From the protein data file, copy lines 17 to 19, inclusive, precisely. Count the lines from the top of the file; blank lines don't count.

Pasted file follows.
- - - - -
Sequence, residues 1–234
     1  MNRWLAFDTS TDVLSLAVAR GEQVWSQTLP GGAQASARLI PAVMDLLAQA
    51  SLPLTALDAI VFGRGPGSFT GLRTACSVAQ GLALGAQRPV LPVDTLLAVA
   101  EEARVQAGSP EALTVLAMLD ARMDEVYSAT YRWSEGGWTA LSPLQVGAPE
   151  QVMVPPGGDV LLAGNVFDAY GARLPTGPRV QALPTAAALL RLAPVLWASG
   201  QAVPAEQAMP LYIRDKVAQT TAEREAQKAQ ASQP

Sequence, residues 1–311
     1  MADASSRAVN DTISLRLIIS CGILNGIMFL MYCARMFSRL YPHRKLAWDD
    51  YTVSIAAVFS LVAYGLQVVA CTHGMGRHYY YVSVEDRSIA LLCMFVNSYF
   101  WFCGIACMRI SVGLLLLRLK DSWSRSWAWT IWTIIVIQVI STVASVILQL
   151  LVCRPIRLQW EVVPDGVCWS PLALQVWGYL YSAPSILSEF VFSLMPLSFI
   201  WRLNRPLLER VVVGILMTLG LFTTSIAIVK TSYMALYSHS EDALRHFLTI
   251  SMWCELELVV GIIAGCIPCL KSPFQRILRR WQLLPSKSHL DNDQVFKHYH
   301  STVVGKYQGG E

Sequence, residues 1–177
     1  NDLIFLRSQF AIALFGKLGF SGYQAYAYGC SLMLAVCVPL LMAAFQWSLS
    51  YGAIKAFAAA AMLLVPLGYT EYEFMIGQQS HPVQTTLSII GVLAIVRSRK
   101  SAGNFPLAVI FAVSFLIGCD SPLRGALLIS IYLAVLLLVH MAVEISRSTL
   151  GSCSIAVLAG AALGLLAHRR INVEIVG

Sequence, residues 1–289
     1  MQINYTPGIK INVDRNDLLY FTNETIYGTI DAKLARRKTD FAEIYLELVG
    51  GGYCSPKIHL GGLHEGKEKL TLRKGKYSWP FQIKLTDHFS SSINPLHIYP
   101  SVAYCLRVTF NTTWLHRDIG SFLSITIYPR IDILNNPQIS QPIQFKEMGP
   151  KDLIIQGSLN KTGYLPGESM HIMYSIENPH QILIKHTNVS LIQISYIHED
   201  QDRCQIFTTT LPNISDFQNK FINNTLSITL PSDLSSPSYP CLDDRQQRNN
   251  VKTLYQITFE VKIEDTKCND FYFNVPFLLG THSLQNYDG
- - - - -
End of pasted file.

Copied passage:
    51  YGAIKAFAAA AMLLVPLGYT EYEFMIGQQS HPVQTTLSII GVLAIVRSRK
   101  SAGNFPLAVI FAVSFLIGCD SPLRGALLIS IYLAVLLLVH MAVEISRSTL
   151  GSCSIAVLAG AALGLLAHRR INVEIVG